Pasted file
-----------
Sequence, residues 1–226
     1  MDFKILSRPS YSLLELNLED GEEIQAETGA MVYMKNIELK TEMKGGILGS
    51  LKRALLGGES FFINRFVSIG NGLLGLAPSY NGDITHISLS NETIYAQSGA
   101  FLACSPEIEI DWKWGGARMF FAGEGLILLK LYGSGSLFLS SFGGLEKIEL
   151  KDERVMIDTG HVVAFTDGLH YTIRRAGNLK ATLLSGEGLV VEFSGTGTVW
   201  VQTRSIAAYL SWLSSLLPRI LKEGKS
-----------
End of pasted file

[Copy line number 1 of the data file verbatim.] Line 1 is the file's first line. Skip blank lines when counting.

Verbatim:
Sequence, residues 1–226